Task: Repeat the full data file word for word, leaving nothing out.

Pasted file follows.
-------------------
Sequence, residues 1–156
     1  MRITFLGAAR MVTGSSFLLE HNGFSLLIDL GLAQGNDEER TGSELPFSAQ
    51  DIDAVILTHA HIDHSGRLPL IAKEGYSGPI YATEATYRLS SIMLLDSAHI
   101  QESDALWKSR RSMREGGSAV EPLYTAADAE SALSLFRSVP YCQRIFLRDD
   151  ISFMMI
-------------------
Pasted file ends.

Sequence, residues 1–156
     1  MRITFLGAAR MVTGSSFLLE HNGFSLLIDL GLAQGNDEER TGSELPFSAQ
    51  DIDAVILTHA HIDHSGRLPL IAKEGYSGPI YATEATYRLS SIMLLDSAHI
   101  QESDALWKSR RSMREGGSAV EPLYTAADAE SALSLFRSVP YCQRIFLRDD
   151  ISFMMI